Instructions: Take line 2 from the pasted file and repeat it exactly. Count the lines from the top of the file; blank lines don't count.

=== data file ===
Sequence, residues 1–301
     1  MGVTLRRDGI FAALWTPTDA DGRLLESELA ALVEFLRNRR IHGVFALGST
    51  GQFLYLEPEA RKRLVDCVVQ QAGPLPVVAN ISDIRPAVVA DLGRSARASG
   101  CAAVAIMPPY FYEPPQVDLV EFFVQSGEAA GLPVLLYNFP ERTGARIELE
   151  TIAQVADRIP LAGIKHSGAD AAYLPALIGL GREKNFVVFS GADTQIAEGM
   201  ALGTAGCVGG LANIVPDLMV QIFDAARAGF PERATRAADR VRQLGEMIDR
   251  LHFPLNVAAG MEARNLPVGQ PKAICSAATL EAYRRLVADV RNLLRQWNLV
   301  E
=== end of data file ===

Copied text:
     1  MGVTLRRDGI FAALWTPTDA DGRLLESELA ALVEFLRNRR IHGVFALGST